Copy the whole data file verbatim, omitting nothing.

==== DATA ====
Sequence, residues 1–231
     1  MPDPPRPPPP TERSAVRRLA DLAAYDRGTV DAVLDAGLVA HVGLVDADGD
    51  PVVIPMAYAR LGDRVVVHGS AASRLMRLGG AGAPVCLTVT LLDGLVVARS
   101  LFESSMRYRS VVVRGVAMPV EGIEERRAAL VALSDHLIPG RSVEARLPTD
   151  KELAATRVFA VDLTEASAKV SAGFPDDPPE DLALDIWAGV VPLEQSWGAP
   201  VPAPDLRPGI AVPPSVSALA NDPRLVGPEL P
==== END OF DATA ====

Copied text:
Sequence, residues 1–231
     1  MPDPPRPPPP TERSAVRRLA DLAAYDRGTV DAVLDAGLVA HVGLVDADGD
    51  PVVIPMAYAR LGDRVVVHGS AASRLMRLGG AGAPVCLTVT LLDGLVVARS
   101  LFESSMRYRS VVVRGVAMPV EGIEERRAAL VALSDHLIPG RSVEARLPTD
   151  KELAATRVFA VDLTEASAKV SAGFPDDPPE DLALDIWAGV VPLEQSWGAP
   201  VPAPDLRPGI AVPPSVSALA NDPRLVGPEL P